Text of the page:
When I first worked with the leadership team of Topps Tiles on the company’s strategy, Matt Williams, the CEO, was looking to create a clear focus for growth. Rightly, the team wanted to focus on the company’s performance in wall and floor tiles, but the business environment, was uncertain and simply setting a sales goal did not feel ‘right’. There were simply too many external variables that could prevent the team from achieving a sales target.

After much discussion and a review of the options, we settled on a market share goal. Even in a ‘down’ market, the business could grow its share of UK tile sales. The goal was to grow Topps Tiles’ share of the UK retail tile market from 25% to 33% over a 5-year period. In other words, the team wanted to grow their share from 1-in-4 to 1-in-3 of all UK tile sales.

The goal drove new top-down strategic actions, in terms of range development, a greater focus on trade customers and overall customer service. But the goal was also shared across the business, enabling each store team to determine what it meant for them. The whole organisation was invested in the goal and the strategy.

As a result, the 33% share goal was achieved in less than four years. As Matt Williams put it, “Our goal galvanized the entire organisation and has been a key part of our success.”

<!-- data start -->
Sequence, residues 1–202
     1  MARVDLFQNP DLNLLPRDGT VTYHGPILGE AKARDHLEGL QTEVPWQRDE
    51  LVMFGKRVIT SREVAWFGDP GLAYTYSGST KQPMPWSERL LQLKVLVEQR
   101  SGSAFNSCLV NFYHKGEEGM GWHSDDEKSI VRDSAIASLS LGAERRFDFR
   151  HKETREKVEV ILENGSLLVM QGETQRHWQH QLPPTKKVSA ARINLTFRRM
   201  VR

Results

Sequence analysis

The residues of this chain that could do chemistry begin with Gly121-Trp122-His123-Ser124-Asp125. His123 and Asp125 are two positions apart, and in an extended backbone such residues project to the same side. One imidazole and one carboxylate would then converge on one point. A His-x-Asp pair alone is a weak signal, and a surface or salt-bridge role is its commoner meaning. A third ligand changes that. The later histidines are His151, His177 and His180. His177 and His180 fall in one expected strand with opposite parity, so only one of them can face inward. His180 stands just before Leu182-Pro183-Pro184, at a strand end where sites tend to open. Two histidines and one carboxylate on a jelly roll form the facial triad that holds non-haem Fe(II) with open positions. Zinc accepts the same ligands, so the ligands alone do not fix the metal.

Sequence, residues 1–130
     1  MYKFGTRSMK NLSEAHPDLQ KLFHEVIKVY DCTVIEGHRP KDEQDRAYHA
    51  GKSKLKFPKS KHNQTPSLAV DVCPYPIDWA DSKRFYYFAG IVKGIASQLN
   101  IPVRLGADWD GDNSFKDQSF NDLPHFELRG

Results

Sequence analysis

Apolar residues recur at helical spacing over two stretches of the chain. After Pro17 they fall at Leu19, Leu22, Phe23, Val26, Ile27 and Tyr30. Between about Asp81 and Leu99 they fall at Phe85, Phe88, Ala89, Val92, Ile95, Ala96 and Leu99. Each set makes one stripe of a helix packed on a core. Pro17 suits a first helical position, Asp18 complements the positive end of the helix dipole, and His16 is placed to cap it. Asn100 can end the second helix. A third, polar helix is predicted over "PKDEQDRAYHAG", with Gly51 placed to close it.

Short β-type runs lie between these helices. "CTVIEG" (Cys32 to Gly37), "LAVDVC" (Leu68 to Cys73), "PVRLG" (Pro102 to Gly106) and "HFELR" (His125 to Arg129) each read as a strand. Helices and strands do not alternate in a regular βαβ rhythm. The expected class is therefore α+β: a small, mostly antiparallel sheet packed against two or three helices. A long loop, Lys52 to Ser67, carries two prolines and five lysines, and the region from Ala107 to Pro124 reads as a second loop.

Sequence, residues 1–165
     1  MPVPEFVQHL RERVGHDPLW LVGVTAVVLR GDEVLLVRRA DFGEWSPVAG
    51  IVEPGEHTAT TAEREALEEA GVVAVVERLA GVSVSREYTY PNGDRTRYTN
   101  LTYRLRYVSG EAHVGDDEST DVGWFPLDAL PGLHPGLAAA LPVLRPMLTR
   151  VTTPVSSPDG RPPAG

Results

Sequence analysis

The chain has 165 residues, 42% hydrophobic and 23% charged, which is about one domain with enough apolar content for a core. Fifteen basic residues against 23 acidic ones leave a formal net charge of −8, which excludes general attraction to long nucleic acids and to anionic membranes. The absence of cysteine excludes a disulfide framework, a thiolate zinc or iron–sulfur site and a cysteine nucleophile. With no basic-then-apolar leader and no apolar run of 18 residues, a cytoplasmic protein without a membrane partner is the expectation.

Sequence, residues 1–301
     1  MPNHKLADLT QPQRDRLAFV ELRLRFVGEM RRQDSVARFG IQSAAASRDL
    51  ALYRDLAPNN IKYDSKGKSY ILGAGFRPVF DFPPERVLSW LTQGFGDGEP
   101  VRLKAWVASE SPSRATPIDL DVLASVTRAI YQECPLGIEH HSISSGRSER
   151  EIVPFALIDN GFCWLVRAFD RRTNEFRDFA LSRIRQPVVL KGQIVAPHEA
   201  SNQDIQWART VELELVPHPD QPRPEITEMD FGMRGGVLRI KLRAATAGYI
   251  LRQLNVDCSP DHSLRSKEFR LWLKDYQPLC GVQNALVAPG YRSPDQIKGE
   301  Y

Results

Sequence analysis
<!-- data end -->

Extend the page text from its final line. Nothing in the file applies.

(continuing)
A #1 goal on its own may not guarantee strategic success, but it can act as a critical enabler for growth. It provides a focus for the entire business and builds alignment and engagement across teams and departments. It also aids decision-making and resource allocation: if you’re faced with several options, which will best help you achieve your #1 goal?

When setting a #1 goal, there are five rules to consider:

  1. The goal must drive your financial engine. The goal can be financial (e.g. sales, profit, margin, shareholder value) or non-financial (e.g. market share, customer loyalty, product quality), but it must clearly lead to higher levels of financial performance.
  2. The goal must be within your control. The goal should be directly controllable by the organisation (e.g. the number of active customers, level of NPD), rather than being remote from direct management influence (e.g. market growth).
  3. The goal must build organisational commitment. The goal should be easy to understand and communicate, helping colleagues across the business to make better decisions. That’s why it’s often best to avoid shareholder value goals – they often have little resonance outside the boardroom.
  4. The goal must be ambitious. While the goal must be achievable, it must also be ‘big’! The goal must stretch the organisation and compel people to drive new, different decisions and actions. It must also state a quantifiable improvement. So, rather than a goal of “Improving market share”, Topps Tiles chose a goal of “Growing market share from 25% to 33%.”
  5. The goal must have a specific deadline. A deadline provides the zest that’s needed for rapid action. Compare the goal of “We will improve customer satisfaction” to the goal of “We will grow customer satisfaction from 40% to 80% within two years.” Only the latter goal will lead to genuine, rapid action and results.

Which of these five rules do you need to pursue so that you, like Matt Williams and his leadership team at Topps Tiles, can galvanize the entire organisation to drive your company’s future success?